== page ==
John Wayne Survived Alleged Soviet Assassination Attempt in the 1950s

by Josh Lanier
(Photo by R.K.O. Radio/Sunset Boulevard/Corbis via Getty Images)

In the 1950s, there was no one more synonymous with American strength and toughness than John Wayne. And we exported him all around the world through his films. Meaning during the Cold War, to beat America meant you also needed to topple its idols.

That’s why in 1953, Russia’s Communist leader Joseph Stalin ordered to have John Wayne killed, or so goes the story. Oddly enough, the tale begins with director Orson Wells, according to the book John Wayne – The Man Behind The Myth. Wells, who did not like Wayne, said he had sources who had told him about the supposed murder plot. A Russian director corroborated the story with the book’s author, Michael Munn. Anecdotes about the attempted killing also were frequently passed around Hollywood, Munn said.

Reportedly, the FBI learned of the plot and flew to Hollywood to meet with Wayne. Stuntman Yamina Canutt, who Wayne once said “saved his life,” told Munn about what happened next.

“Yakima told me that the FBI had discovered there were agents sent to Hollywood to kill John Wayne,” Yakima told Munn, according to The Guardian. “He said the FBI had come to tell John about the plot. John told the FBI to let the men show up and he would deal with them.”

Things Did Not Go Well For the Would-Be Killers

John Wayne supposedly cooked up a plot of his own. Working with a screenwriter, Wayne concocted a plan to kidnap the two would-be assassins, drive them to a secluded location, and conduct a mock execution.

But that’s where the intrigue ends and the farce begins. Because this story is less fit for a Russian spy thriller but a comedy. Reportedly, when the agents came to kill Wayne, he and a team of stuntmen beat them up, and had them crying for Mother Russia, Munn said. What became of the bumbling assassins is unclear, but Munn said he’d been told they stayed in the U.S. to work with the FBI.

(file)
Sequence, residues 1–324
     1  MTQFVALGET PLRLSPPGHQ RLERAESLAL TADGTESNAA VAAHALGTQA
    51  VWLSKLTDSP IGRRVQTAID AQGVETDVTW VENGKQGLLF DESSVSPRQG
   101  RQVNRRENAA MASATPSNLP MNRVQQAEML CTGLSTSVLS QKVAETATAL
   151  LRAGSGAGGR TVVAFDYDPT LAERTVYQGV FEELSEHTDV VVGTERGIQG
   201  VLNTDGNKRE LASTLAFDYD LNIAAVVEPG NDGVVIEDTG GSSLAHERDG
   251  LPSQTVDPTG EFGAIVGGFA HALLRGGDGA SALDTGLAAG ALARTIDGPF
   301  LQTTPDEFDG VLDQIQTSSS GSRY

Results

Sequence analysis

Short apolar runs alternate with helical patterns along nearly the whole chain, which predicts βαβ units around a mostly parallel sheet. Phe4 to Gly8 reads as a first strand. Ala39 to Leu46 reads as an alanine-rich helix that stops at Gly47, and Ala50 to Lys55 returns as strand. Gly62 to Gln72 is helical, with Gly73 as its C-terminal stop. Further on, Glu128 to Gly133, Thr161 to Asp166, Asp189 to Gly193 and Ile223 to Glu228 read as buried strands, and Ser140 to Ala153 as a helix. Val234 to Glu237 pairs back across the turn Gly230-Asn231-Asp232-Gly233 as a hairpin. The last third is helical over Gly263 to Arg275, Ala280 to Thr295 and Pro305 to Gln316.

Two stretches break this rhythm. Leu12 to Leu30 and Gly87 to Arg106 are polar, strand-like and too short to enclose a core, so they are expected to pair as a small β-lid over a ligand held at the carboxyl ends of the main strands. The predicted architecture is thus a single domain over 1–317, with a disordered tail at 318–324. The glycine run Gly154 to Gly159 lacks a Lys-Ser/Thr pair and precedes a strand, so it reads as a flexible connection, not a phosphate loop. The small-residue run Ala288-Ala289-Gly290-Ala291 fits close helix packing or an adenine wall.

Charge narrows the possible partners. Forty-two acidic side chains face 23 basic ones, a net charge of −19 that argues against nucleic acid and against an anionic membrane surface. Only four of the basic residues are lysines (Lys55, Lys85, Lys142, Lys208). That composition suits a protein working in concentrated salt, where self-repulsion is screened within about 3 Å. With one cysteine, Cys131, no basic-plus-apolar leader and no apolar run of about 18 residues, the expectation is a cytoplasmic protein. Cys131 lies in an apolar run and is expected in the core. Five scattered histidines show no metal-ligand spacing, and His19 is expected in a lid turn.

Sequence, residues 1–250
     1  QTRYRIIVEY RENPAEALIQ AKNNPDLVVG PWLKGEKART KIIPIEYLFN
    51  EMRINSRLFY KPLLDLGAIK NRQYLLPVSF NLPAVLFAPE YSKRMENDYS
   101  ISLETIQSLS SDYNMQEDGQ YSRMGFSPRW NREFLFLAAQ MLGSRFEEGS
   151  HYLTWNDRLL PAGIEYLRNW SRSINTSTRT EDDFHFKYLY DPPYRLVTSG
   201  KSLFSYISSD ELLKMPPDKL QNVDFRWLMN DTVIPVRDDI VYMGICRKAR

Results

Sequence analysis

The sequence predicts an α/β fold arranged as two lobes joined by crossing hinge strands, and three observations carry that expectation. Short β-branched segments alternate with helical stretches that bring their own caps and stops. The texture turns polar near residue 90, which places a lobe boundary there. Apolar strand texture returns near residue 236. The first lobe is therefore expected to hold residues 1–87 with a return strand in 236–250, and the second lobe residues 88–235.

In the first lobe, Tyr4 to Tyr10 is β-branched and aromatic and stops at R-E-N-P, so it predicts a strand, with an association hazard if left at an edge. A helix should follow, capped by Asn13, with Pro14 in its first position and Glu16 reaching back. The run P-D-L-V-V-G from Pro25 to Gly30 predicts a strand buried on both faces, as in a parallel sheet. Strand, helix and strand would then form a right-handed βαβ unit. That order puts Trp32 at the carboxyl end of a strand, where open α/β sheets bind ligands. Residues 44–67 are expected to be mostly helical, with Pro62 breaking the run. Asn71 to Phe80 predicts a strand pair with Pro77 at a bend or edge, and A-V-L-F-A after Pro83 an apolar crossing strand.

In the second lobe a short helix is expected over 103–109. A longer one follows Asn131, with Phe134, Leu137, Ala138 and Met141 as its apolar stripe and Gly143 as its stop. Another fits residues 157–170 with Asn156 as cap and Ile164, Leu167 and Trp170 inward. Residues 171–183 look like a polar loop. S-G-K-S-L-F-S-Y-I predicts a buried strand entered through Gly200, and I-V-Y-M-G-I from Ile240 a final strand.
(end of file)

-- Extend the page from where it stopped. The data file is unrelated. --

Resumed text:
For good measure, I suppose, John Wayne would then attend communist meetings in the United States and start brawls with the members.

“He then gathered all the stuntmen, went to the communist meetings, and had a huge fight,” Munn told the Guardian. This was when it’s believed Canutt saved Wayne’s life.

There was a second attempt made in 1953 while Wayne was in Mexico working on the movie Hondo. Though, not much is known about this plot.

In 1958, new Russian Czar Nikita Krushchev reportedly met privately with Wayne to apologize. “That was a decision of Stalin during his last five mad years. When Stalin died, I rescinded that order,” the book claims he said.

Other Governments Tried to Kill Wayne As Well

The Russian plot wasn’t the only time a foreign government tried to kill John Wayne. Munn also recounts a time when, in 1966, Wayne went to Vietnam to visit American troops during the Vietnam War. The Chinese sent a sniper to shoot The Duke during his trip.

Thankfully, the sniper was captured. He said Chairman Mao Tse Tung hired him to kill Wayne and that there was a bounty on the actor’s head, the book claimed.